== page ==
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Working All The Anglers

As a legal matter, Long Islanders can enjoy trout fishing year-round, but the harsh conditions of the past few months have not been friendly to recreational fishing, so there was probably some pent-up demand released on April 1, for the official state-wide opening of trout season.

According to a U.S. Fish and Wildlife Service survey, in 2011, New York State was second in the nation in total spending on fishing-related items, and remains a clear leader in paid angler licenses, with nearly one million purchased.

Pat Gallagher is one in that million, a bankruptcy specialist with the Nassau County Attorney’s Office who spends weekends fishing from his kayak. He started fishing when he was 10 years old, and now regularly paddles the waters around Long Island and beyond. “I really need the balance,” he says. “I think it helps me to be more productive.” (You can follow him through the fishing season online at longislandkayakangler.blogspot.com)

Situated in the warmest corner of the state, Long Island is first in line for seasonal resupply by the Department of Environmental Conservation (DEC).

“DEC is beginning its fish-stocking efforts,” said Commissioner Joe Martens. “[We] will continue these efforts throughout the spring to ensure New York’s lakes, rivers and streams provide ample opportunities for anglers to reel in a great catch.”

The new fish will join trout that wintered over from fall 2013 in waters such as Massapequa Reservoir, Upper Twin Pond, and Oyster Bay Mill Pond. These bodies tend to retain a good number of fish from year to year, increasing the likelihood of landing a well-fattened specimen.

Recent upgrades now allow sportsmen to purchase and print their licenses—for fishing, hunting or both—from home by visiting www.licensecenter.ny.gov. A yearly license costs $25, but Gov. Cuomo is pushing the newly established lifetime licenses, long-term commitments that boost short-term revenue, at $460 apiece.

For a wealth of information on fishing locations and tips for beginning anglers, visit www.dec.ny.gov/outdoor/fishing.html.

News

Levittown Hall in Hicksville comes alive every Thursday night with music, dance, fun and laughter as students are swept away into the world of Latin dance.

Under the instruction of professional teacher Mark James, dance hopefuls learn a trio of Latin dance, including salsa, meringue and what James describes as the biggest craze in Latin dancing today, bachata.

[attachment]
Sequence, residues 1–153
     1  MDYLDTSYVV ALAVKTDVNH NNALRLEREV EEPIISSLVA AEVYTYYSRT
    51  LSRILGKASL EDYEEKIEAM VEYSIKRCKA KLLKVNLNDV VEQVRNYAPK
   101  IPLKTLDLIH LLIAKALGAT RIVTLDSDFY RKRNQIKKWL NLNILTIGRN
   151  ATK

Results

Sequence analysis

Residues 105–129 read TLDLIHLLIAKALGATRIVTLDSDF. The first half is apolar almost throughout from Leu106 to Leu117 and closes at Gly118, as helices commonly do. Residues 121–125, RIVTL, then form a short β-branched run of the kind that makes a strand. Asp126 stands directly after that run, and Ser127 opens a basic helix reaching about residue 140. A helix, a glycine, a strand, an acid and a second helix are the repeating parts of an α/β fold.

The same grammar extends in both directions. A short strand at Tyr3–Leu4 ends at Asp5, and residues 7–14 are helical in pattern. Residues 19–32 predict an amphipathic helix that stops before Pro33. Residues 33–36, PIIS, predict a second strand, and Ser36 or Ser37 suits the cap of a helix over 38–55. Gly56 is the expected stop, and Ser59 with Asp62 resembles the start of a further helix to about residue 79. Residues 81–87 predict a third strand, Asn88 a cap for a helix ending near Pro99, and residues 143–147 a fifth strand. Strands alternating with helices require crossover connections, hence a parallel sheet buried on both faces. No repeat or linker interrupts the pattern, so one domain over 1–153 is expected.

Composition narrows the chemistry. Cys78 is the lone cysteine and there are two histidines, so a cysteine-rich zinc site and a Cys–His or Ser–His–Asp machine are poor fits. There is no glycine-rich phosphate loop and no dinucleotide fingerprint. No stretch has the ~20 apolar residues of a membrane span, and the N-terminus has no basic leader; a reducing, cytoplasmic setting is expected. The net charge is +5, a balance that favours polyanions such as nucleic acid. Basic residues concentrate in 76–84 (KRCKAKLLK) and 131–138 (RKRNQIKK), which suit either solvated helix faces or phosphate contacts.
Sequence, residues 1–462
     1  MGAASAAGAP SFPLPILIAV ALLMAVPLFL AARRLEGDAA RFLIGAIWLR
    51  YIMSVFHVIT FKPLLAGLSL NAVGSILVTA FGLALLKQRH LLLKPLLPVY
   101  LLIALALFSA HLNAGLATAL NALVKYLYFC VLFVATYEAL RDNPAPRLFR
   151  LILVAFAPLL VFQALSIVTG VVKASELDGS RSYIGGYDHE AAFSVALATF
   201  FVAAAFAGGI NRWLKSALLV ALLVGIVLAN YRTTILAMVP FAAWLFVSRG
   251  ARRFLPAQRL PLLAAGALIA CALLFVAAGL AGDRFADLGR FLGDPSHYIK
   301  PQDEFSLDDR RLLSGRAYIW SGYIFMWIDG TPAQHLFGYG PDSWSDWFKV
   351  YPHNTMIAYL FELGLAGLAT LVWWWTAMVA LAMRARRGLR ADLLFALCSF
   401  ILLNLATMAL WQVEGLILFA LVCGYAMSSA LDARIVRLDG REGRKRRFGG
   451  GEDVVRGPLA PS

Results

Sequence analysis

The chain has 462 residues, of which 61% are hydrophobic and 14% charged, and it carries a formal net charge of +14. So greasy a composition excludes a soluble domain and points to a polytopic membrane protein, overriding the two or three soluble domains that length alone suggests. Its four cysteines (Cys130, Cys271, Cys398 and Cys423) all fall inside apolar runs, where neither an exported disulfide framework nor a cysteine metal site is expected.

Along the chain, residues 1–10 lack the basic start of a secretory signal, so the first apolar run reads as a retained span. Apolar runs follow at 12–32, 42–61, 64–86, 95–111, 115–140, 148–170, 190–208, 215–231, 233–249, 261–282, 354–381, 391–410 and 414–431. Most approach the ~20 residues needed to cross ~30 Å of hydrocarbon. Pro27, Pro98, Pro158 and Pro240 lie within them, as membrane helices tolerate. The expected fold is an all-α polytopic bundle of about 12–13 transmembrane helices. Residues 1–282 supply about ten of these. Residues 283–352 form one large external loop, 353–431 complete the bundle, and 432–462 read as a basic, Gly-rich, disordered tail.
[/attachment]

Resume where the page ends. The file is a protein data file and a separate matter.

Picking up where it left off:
book shops in Hicksville and around the country will hand out free comics on Oct. 25, to celebrate the second biggest free comic book event of the year—Halloween ComicFest. On Saturday, anyone who goes into a participating comic shop can choose from 19 free comics and participate in fun activities comic shops host for their customers to enjoy, while discovering new types of comics and the treasures found in store.

In Hicksville, both Game Master Games (954 S. Broadway) and Amok Time (108C New South Road) will be taking part in the Halloween ComicFest festivities. Game Master Games just recently started carrying comic books and this will be the store’s first comic book-related event. Coincidently, the event runs in the middle of an in-store gaming convention, and store owner Dave VanderWerf is looking forward to the increased exposure for the store.


Sports

The Hicksville girls volleyball team improved to 7-1 by knocking off Oceanside in three consecutive sets by scores of 25-13, 25-19 and 25-14.

Emily Markakis played terrificly, using a powerful serve to record three aces, seven kills and added nine digs. Nikki Chase added six kills and eight digs. Additionally, Raeann Dong was versatile—recording three aces, seven kills and nine digs.

The Girls Varsity soccer team, in honor of Breast Cancer Awareness Month, wore pink uniforms and pink socks in their game on Oct. 8 against MacArthur whom they defeated 1-0. The girls and boys soccer programs at Hicksville High School are selling pink ribbon car magnets with a soccer ball and HHS on it with the words “Kick Cancer” on the ribbon. All the money raised will go to the Sarah Grace Foundation, which is a local foundation trying to beat pediatric cancer. The players plan to raise $1,000 for this organization

— From Hicksville High School


Calendar

Board of Education Meeting

October 22

Oktoberfest

October 25-26

Pancake Breakfast

October 26



Columns

1959: The Year The Music Stopped Playing
Written by Michael A. Miller, mmillercolumn@gmail.com

The Eccentric Heiress Of ‘Empty Mansions’
Written by Mike Barry, MFBarry@optonline.net

Yellow Margarine And A Pitch For The Ages
Written by Michael A. Miller, mmillercolumn@gmail.com